See the daily excerpt from the preparatory catechesis for the 2015 World Meeting of Families, “Love is Our Mission: The Family Fully Alive.”
78. Practicing and teaching discernment as a family imply patience and prayer, a constant desire to purify motives, to confess and do penance, to be patient in the slow work of growing in virtue, to open one’s imagination to Scripture and the witness of the Church, and to understand one’s inner life. To learn discernment for ourselves and to pass it along to our children are tasks that imply humility, an openness to constructive criticism, and conversation about how God might be at work in our life. A vocational approach to life implies a willingness to be frank about our own desires, but, most of all, to offer our life to God, to be open to the adventures and new plans that might present themselves when we say “thy will, not mine.” Saint Thérèse of Lisieux prayed in this way as a child, saying: “My God, I choose all. I do not want to be a saint by halves. I am not afraid to suffer for you. I fear only one thing — that I should keep my own will. So take it, for I choose all that you will.”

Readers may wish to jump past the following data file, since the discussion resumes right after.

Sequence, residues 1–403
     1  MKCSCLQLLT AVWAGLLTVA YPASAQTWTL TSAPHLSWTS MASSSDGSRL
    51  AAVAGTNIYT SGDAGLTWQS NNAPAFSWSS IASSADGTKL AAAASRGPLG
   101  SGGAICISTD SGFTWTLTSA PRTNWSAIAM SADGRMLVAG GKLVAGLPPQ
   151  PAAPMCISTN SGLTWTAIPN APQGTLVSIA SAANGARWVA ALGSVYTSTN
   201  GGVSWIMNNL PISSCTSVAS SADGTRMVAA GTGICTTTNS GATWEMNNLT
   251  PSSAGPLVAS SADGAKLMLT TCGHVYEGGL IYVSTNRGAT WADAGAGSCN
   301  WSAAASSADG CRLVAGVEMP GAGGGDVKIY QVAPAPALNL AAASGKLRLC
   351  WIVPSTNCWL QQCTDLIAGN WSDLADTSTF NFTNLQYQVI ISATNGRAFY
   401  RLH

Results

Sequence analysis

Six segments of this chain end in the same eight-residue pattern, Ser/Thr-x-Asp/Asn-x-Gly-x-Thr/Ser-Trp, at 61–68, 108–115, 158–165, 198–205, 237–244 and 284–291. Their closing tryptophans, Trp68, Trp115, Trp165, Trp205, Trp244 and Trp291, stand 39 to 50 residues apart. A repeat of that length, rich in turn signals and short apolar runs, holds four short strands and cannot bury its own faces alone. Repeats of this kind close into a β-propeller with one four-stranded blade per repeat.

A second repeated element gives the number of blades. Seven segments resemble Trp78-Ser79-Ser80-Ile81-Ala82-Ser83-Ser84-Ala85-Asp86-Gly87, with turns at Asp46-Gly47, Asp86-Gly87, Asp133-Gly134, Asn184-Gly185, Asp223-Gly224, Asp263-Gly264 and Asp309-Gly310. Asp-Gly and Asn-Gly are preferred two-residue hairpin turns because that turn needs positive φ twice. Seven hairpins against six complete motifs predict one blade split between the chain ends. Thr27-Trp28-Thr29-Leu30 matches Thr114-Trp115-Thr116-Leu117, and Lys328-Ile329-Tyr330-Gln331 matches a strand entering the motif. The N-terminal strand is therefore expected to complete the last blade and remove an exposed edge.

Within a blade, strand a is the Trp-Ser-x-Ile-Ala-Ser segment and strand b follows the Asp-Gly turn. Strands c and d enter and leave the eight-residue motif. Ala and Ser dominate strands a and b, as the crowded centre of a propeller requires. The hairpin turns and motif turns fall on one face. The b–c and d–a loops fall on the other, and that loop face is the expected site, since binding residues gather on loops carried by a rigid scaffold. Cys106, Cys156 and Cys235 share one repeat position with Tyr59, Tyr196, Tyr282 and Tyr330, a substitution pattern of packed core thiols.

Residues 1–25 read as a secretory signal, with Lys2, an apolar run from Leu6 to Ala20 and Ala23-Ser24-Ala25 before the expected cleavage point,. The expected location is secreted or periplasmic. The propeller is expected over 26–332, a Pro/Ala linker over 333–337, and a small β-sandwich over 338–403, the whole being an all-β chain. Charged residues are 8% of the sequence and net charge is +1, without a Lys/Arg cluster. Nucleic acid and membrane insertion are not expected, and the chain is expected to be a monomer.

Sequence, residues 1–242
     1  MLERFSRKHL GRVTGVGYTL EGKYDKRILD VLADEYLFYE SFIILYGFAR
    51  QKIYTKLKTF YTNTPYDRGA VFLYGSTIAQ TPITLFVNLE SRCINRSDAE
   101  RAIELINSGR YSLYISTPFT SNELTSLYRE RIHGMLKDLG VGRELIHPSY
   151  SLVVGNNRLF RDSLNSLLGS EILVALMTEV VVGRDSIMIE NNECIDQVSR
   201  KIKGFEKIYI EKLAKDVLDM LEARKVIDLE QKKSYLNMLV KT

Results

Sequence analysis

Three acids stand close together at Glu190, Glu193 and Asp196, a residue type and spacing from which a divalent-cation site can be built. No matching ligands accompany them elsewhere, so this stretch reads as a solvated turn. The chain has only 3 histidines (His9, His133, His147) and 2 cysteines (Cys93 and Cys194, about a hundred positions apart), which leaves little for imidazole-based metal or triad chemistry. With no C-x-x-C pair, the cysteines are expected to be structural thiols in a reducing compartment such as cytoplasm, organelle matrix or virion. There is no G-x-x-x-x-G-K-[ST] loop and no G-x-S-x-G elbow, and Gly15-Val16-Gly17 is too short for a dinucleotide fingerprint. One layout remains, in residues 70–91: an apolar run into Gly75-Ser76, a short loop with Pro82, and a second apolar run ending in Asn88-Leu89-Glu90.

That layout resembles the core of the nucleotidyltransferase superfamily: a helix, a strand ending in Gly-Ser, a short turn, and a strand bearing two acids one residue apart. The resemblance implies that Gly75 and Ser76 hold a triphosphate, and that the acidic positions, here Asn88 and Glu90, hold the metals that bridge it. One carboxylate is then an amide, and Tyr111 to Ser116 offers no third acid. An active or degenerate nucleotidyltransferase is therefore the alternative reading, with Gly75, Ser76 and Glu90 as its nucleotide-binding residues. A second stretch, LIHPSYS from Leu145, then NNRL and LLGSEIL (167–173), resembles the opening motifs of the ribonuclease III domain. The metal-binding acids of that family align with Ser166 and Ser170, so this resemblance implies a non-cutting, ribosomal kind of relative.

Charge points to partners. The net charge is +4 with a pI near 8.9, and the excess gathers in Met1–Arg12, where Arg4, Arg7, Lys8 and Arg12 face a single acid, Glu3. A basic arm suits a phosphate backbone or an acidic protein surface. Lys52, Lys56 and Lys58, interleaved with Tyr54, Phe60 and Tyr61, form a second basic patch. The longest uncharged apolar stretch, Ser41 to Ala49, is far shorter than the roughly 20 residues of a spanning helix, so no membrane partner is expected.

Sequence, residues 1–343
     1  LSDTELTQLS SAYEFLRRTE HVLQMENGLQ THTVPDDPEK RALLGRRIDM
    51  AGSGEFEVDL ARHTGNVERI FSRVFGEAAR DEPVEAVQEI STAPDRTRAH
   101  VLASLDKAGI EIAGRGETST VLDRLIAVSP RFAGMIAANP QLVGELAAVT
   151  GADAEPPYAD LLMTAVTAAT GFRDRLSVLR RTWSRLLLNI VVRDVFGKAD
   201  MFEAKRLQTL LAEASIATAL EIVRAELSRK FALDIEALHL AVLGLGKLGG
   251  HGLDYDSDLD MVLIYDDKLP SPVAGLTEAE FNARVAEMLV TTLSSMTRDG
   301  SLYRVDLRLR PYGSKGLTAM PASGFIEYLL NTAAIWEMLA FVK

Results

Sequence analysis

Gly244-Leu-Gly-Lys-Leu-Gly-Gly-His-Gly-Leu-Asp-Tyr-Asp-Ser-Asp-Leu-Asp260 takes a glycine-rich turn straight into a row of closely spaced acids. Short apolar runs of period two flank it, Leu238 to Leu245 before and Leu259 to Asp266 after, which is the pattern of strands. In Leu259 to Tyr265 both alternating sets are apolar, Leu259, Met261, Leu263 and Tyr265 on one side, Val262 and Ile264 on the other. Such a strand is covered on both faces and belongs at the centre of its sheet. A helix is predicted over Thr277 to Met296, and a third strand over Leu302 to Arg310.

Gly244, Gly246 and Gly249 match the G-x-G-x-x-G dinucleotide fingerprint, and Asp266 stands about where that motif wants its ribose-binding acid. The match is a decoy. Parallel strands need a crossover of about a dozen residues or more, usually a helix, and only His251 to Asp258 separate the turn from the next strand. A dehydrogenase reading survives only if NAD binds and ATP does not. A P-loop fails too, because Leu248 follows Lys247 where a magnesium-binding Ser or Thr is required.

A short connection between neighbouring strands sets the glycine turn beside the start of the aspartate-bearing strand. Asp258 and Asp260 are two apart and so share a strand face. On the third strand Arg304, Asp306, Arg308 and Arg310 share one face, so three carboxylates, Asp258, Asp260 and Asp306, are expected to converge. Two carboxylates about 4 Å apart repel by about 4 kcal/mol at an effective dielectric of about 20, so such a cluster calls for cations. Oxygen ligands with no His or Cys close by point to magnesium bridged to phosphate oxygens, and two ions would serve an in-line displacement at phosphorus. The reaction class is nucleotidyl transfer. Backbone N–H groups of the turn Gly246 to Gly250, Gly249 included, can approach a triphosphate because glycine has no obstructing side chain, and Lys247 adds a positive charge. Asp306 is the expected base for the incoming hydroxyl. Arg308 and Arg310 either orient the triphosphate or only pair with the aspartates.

In its introduction, the document says its aim is to present “Catholic teaching in a way that is fresh, insightful, and accessible to contemporary Catholics and all people of good will.” The catechesis “offers a narrative beginning with our creation, soberly noting our fall and the challenges we face, but emphasizing God’s plan for our salvation. Love is our mission, and it is by loving God and one another that we will be fully alive.”
Each day in CatholicPhilly.com’s World Meeting of Families section you can reflect on the official Catholic teaching on the family presented in the catechesis, pray a special prayer together as a family or individually, and stay on top of breaking news about the events coming Sept. 22-27, 2015.
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